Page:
Arguably one of the most anticipated city park projects, part of a greater system called The 606, named for the first three numbers of the ZIP code all neighborhoods spanning the park share, The Bloomingdale Trail has been compared to the High Line, an elevated "sidewalk of the future" spanning 20 city blocks in New York City.
The High Line, which opened in 2009, is flanked by a river on one side and high-rise buildings on the other. Some of the buildings are so close to the path it seems that you could high-five a person through a window, the New York Times reported.
The crowds of people on the High Line have helped to deter crime, police said. "The park might be elevated, but the crime rate is anything but," the Times reported.
New York City's Park Enforcement Patrol officers walk the High Line all day, and the access points are locked at 11 p.m. The High Line does not allow bikes or pets.
Officially a Chicago Park District facility, the Bloomingdale Trail will open at 6 a.m. and close at 11 p.m. daily like all of Chicago's parks, a spokeswoman from the Trust for Public Land said.
Steve Jensen, president of the Bucktown Community Organization, said neighbors would like to see a fast way to access emergency responders.
"We are concerned that the trail does not have panic buttons anywhere, like on a college campus. With lighting and electric lines being installed there, it is a no-brainer. Somebody could have found a way to fit it into the budget," Jensen said.
A spokeswoman for the trail said that, as is the case with other parks in the Park District system, it will not include emergency kiosks. She said the trail is designed to accommodate emergency and service vehicles.
Jensen and other volunteers and neighbors from an online Bucktown Neighborhood Watch group said they plan to ride their bikes and walk their dogs after dark to supplement the police.
"We as a community view the trail as an asset to our neighborhood. We anticipate the trail will attract more locals than people from afar using it as a thoroughfare or a connector," Jensen said.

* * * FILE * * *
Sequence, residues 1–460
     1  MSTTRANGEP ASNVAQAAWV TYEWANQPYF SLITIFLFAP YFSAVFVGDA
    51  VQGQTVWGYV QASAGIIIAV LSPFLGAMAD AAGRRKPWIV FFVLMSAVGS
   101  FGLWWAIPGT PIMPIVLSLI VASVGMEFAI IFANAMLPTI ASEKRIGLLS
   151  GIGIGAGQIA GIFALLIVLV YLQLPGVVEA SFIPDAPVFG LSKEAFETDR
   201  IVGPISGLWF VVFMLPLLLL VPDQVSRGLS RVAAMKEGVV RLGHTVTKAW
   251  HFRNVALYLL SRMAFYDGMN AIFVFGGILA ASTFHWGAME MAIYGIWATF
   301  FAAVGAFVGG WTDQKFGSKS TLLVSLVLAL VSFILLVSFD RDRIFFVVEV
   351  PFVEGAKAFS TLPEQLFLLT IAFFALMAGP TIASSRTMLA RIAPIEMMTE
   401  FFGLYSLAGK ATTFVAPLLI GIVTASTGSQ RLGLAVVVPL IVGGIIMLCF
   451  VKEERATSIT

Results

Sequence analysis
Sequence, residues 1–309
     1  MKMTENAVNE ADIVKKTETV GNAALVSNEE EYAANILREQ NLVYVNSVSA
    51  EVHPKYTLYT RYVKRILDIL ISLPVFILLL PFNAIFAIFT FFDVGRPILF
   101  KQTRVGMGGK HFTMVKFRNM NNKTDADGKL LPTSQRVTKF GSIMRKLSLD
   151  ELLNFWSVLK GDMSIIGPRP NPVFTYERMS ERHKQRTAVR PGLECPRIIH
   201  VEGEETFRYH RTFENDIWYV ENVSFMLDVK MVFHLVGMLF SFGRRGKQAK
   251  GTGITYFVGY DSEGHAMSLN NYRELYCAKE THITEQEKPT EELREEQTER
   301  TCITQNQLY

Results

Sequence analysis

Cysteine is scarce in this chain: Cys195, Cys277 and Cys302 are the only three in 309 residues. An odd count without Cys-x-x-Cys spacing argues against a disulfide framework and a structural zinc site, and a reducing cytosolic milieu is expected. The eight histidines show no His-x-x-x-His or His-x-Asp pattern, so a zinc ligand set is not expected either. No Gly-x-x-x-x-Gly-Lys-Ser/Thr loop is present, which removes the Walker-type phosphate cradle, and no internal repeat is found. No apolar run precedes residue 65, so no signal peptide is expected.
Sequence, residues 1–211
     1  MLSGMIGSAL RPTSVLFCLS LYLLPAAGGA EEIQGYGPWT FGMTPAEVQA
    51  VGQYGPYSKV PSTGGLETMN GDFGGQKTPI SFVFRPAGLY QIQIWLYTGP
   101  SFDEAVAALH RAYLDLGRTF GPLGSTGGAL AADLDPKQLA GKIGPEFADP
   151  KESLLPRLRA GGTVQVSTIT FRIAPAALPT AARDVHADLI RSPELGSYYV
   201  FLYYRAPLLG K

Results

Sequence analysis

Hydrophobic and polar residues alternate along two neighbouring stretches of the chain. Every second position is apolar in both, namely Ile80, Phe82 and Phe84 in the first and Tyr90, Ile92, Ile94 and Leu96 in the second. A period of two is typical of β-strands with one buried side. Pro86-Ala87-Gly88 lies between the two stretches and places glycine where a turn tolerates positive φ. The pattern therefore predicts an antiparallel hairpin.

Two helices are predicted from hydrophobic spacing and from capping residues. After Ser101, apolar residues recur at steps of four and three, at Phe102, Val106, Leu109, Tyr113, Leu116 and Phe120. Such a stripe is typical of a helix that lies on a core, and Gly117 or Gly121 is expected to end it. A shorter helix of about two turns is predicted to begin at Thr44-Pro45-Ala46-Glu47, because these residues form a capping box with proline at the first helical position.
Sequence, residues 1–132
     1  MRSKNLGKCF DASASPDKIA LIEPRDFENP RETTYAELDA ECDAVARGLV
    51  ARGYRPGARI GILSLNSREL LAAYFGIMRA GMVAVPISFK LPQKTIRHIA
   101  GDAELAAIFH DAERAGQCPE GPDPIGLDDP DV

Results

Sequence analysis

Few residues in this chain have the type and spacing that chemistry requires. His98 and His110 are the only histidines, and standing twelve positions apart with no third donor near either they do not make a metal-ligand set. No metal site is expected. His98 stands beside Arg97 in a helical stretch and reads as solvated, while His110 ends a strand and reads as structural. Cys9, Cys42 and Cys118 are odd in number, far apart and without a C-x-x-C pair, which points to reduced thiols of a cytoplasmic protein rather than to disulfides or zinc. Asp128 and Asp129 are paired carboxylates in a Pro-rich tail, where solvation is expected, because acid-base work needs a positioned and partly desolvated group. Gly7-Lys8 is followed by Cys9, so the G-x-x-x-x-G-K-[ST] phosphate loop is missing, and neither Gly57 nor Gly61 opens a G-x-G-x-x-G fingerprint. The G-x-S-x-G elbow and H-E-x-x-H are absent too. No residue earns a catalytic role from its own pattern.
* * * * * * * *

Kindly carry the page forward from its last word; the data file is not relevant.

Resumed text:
Erin Bottcher, whose family has a view of the trail from their porch in the 1700 block of North Talman, considers the trail a safer way to walk through neighborhoods.
When the trail opens, Bottcher plans to walk her two children for about a mile on the trail, from their home in East Humboldt Park to a school near Elston and Cortland avenues. The school is just steps from Walsh Park, the trail's easternmost point of entrance and exit at 1722 N. Ashland Ave.
"My son calls it the 'Up Park' when we walk past it," Bottcher said.
Bottcher said she and her family are "over the moon" about the trail and hopes that it will be busy.
England predicts during the weekday working hours the trail will be "a dog-walker's/baby carriage pusher's mecca."
England said he plans to use the trail to ride his bike to and from the indoor Archery Bow Range Chicago at 1757 N. Kimball Ave. in Humboldt Park.
When asked if he believes property values will go up as a result of the trail, as several folks in the real estate industry have predicted, England said it's possible, but only if neighbors use the trail.
"If the 606 doesn't hit the mark, if it's a flash-in-the-pan, if it's not well-managed, if people don't feel safe on the trail, it'll be a drag on values. The 606 needs to have momentum from the day it opens," England said.